MG: How did you distinguish condos from hotel rooms?
AAC: The mixture of these two worlds, the residences and the hotel, was a very satisfying apprenticeship. Hotel amenities and experiences are associated with residences. The exteriors of both are lush and the interiors are sophisticated in terms of design and comfort. From the outside, the building looks the same, but it has two different clienteles. It was a challenge that we loved overseeing, especially the interiors which took it to the luxury level. The interiors are different according to the three types of products: hotel rooms, condos and the penthouse. The penthouse is located in the upper and central part of the building, spreads over two floors and offers a superb 360 degree view of the property. This will be the most sought after and discussed project in the Caribbean. It has a round staircase that connects the two floors and has a beautiful tree in the middle. The condos are separated from the hotel by the pools and gardens. From the condos you can overlook the hotel, but this separation clearly indicates what is residential and what is hotel property.
MG: Looking ahead to the next decade, how will the priorities of luxury customers evolve?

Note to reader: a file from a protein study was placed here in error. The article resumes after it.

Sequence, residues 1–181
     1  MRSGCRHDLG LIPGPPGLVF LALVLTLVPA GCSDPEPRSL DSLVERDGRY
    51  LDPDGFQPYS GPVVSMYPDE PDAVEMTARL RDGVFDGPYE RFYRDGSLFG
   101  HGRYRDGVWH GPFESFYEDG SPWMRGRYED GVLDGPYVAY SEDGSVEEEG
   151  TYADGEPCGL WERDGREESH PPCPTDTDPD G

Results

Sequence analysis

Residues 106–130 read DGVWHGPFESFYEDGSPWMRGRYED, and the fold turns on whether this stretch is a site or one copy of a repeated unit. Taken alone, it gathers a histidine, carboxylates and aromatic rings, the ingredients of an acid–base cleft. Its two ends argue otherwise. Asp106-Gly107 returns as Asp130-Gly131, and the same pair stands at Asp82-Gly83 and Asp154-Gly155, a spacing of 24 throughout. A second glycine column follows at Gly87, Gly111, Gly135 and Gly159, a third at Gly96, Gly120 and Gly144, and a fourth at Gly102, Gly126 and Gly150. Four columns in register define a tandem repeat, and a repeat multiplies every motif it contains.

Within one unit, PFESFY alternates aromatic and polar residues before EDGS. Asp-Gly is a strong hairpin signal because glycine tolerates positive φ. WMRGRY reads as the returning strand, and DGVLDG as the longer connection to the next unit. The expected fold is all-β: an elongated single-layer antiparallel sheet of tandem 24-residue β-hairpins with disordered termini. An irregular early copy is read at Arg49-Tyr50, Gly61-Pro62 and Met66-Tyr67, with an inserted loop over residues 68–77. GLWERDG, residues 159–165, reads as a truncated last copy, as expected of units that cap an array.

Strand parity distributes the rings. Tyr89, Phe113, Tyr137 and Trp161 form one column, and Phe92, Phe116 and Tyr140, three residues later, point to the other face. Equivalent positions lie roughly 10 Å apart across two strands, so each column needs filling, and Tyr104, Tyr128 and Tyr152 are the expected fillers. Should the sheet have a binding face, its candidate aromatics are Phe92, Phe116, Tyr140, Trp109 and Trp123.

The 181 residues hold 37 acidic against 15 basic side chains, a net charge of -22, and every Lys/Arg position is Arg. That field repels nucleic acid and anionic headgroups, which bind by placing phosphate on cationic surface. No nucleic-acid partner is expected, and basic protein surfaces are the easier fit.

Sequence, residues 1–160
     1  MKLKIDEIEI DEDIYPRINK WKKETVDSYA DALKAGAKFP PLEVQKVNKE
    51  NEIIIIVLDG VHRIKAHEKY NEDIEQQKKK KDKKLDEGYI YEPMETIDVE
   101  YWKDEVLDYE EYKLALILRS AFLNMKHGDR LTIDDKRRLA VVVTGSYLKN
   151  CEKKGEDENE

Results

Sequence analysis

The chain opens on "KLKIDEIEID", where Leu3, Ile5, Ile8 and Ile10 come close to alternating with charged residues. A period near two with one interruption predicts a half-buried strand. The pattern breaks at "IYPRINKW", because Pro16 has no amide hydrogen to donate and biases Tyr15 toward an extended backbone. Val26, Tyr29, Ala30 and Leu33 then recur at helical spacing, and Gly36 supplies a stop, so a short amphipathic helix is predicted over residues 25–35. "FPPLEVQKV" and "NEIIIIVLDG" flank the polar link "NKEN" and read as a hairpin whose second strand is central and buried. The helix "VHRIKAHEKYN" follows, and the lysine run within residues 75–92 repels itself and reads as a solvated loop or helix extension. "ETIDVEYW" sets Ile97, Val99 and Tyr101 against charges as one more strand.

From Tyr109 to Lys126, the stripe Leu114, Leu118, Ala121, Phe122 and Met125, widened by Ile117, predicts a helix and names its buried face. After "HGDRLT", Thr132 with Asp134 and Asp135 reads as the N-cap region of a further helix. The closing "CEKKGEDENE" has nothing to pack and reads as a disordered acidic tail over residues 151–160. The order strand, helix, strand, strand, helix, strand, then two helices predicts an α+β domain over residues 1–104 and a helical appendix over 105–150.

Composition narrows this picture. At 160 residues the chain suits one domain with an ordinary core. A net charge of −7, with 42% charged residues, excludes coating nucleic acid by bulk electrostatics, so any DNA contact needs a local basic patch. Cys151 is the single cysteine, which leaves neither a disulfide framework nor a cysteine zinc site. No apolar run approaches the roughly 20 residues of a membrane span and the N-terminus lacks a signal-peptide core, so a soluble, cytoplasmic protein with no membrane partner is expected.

AAC: The luxury residential owner will go from owning two or three gigantic houses to a greater diversity of properties where they can move around the world. We have learned during the pandemic that many people can work from anywhere. Being tied to one place is a thing of the past. All my clients are now asking for nice libraries and offices where they can host meetings. This gives us the idea that people are looking to have experiences and live in the moment rather than having a primary residence where they stay for many seasons throughout the year. In 10 years, the houses will be different. Once upon a time, the concept created by New York’s high society – having a butler and housekeepers – was considered a luxury. You were always served by someone. These days, that’s rare. In the future, technology will supplement this need. Luxury will be defined by how technology is integrated into the home to create a similar experience.
MG: What is your personal definition of luxury?
AAC: My first must-have is an ocean view. If you start with the right site, the finished product can take advantage of sight lines. You may have a nice house in a different location, but you might miss the view. Being on a Caribbean island, my most important priority is location, location, location. Luxury is something that not everyone has, or something that is hard to come by. Owning a property overlooking the ocean puts you in a prime spot to have that view. Second, from an architectural perspective, the space must be open enough to capture the experience of living in the Caribbean. A spacious flow is important to my design. People are looking for experiences within the framework of a luxurious life. For me, it’s important to me to design interconnected spaces, where families can be together in a time when technology separates us.
This interview has been edited for length and clarity.